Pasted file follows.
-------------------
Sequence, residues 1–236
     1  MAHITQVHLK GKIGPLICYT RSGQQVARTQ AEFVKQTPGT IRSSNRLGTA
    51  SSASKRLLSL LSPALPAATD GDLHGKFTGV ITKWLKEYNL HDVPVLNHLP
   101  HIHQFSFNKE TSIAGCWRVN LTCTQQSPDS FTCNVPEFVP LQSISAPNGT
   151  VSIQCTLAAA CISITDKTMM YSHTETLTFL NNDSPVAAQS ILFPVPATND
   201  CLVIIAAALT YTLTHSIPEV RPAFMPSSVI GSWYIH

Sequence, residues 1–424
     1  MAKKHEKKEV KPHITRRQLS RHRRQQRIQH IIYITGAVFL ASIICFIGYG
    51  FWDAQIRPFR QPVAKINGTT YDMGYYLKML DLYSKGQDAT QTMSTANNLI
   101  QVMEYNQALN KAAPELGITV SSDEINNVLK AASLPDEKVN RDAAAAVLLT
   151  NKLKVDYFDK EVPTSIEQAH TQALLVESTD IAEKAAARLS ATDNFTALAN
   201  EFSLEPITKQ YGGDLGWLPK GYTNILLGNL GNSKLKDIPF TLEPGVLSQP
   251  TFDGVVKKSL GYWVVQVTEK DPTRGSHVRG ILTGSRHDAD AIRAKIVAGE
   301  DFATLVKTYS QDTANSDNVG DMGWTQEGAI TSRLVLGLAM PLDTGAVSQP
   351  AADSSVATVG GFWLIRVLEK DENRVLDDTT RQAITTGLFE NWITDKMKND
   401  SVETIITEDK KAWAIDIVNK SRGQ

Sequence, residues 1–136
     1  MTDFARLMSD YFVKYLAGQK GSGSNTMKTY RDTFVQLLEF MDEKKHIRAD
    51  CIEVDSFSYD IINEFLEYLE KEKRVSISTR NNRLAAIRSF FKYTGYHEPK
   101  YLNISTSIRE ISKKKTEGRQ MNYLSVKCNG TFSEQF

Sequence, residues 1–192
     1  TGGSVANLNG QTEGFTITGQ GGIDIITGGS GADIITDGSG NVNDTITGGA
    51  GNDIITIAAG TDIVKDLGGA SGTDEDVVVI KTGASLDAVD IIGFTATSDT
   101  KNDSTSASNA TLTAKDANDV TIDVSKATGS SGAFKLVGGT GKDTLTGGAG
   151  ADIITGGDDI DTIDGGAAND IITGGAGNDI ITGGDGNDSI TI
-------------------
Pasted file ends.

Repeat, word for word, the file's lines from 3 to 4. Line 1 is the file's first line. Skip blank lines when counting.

    51  SSASKRLLSL LSPALPAATD GDLHGKFTGV ITKWLKEYNL HDVPVLNHLP
   101  HIHQFSFNKE TSIAGCWRVN LTCTQQSPDS FTCNVPEFVP LQSISAPNGT